If you’re a Volkswagen dealer, you have to be frustrated with selling family vehicles. You have the Passat, which is picking up plenty of sales for the German automaker. Then, you have the Volkswagen Routan, which is more or less a decontented, more expensive Chrysler Town & Country. That’s becoming a fleet-only model for 2014.
And from there, all you have to sell is the the Volkswagen Touareg, which starts at $44,820, including $875 for destination and handling. If Volkswagen CEO Martin Winterkorn has his way, that won’t be the case for too much longer.
The CEO says will “take initiative” to get a new three-row crossover into the market that will more than likely square up with the Ford Explorer and Honda Pilot among others, which suggests that it’ll come in at around $30,000. At the dealer meeting where Winterkorn was speaking to salespeople, he was accompanied by both the Volkswagen CrossBlue and CrossBlue Coupe concept cars, both crossovers that show the direction VW is likely to take. We have it on very good authority that at least the CrossBlue is very close to what the production-ready version will look like.
Volkswagen has invested huge sums of money into its Chattanooga, Tennessee, plant that currently makes the Volkswagen Passat for the North American market. It has capacity to make many more vehicles there, too, one of which is expected to be the CrossBlue.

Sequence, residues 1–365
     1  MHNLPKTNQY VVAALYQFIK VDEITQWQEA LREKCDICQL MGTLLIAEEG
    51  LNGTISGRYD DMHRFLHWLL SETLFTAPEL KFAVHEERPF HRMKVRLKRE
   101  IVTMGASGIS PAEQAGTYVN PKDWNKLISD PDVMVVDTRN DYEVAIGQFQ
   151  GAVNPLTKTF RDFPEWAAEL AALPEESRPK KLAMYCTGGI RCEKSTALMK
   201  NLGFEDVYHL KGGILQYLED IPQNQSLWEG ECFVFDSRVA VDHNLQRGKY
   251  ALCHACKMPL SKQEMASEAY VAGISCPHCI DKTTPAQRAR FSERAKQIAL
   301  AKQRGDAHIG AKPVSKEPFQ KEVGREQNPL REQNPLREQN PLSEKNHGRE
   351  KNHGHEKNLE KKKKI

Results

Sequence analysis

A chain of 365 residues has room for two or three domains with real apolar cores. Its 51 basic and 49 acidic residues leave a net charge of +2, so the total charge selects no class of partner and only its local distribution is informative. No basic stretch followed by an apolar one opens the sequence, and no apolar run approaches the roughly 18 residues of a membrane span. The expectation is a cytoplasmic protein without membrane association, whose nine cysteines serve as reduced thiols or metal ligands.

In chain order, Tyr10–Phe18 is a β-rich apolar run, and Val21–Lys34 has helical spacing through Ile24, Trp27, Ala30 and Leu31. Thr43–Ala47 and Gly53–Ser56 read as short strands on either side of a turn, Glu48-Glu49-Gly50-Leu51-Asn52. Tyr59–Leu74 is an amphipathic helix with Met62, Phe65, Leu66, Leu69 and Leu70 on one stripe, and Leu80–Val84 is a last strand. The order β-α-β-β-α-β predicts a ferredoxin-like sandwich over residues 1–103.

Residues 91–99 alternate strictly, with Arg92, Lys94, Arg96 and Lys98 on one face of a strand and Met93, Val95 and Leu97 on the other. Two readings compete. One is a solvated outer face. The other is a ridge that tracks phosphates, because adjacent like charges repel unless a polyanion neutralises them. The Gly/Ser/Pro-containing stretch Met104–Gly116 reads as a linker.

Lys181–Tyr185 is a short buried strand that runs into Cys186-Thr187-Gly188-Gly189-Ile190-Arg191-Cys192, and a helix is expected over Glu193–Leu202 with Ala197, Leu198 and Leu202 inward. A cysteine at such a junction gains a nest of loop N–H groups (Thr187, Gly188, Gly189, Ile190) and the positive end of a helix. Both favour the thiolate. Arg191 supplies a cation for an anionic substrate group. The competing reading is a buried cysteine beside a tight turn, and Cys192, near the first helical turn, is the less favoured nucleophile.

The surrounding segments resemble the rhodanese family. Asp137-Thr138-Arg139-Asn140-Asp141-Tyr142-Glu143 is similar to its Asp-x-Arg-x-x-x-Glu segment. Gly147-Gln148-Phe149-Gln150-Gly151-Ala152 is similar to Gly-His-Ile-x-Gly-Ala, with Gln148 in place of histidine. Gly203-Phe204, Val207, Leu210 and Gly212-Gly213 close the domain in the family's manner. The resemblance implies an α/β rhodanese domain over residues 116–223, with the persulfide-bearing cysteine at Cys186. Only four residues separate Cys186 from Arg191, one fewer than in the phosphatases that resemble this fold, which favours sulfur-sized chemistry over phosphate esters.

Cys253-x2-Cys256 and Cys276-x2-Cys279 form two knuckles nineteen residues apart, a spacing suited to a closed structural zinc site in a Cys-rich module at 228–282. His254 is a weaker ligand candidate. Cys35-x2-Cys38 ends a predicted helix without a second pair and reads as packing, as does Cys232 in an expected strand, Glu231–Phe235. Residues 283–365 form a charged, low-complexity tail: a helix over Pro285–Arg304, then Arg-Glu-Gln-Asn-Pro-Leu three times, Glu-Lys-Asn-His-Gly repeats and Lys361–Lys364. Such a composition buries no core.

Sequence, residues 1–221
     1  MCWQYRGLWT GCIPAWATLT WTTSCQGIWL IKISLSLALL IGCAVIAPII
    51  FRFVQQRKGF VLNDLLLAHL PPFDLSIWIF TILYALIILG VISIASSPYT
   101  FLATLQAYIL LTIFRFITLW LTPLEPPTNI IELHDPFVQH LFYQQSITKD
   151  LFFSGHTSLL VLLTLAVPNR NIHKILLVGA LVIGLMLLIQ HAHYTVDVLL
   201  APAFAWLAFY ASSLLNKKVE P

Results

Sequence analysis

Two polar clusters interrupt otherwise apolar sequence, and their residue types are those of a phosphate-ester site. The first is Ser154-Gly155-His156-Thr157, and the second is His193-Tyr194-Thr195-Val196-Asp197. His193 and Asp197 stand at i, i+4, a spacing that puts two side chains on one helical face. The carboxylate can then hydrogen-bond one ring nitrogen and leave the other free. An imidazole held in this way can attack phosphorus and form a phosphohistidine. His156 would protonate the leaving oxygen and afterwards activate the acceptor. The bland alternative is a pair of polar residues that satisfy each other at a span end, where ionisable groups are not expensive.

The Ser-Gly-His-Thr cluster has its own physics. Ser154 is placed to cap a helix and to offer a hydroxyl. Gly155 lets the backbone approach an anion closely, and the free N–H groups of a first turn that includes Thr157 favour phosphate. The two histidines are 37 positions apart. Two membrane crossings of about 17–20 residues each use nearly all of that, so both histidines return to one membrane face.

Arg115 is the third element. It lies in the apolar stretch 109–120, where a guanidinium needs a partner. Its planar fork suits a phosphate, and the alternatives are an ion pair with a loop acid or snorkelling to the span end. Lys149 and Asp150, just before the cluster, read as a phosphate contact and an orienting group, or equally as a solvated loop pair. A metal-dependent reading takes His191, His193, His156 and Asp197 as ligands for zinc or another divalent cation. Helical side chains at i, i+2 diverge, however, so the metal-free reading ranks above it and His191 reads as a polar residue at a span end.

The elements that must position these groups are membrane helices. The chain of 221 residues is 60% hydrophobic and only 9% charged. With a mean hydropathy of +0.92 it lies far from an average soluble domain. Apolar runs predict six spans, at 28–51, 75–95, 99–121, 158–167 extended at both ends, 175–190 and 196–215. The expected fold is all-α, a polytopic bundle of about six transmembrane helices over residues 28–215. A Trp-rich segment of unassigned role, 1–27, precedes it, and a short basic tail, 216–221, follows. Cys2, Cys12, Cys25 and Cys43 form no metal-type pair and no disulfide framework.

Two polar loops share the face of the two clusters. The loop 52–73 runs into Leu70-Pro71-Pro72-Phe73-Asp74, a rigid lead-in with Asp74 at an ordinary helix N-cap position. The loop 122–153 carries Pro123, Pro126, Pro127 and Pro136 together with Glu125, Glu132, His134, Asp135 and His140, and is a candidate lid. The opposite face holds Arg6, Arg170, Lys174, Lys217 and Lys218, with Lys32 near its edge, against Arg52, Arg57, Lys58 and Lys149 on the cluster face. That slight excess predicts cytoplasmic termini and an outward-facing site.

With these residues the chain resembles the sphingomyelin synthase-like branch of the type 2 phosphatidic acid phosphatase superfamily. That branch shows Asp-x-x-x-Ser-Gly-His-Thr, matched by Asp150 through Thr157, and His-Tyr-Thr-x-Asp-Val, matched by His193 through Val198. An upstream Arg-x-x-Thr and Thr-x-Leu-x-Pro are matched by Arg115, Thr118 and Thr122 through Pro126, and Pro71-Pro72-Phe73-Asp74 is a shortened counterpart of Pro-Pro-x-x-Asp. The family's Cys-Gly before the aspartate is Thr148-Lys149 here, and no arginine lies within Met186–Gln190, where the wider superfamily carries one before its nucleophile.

The concept version was powered by a hybrid powertrain paired with the company’s 3.6-liter V-6. The production version could adopt a similar powertrain.
Volkswagen is limited in the number of larger vehicles it has in the U.S., yet its ambitions still point towards selling upwards of 800,000 vehicles here by 2018. To do that, it will have to break into more popular segments like three-row crossovers and make some more affordable vehicles. We have it on good authority that the CrossBlue will be coming sometime after the Routan leaves production, so expect it for the 2015 or 2016 model year. And other, smaller people movers could be following shortly thereafter.
Source: Automotive News (Subscription required)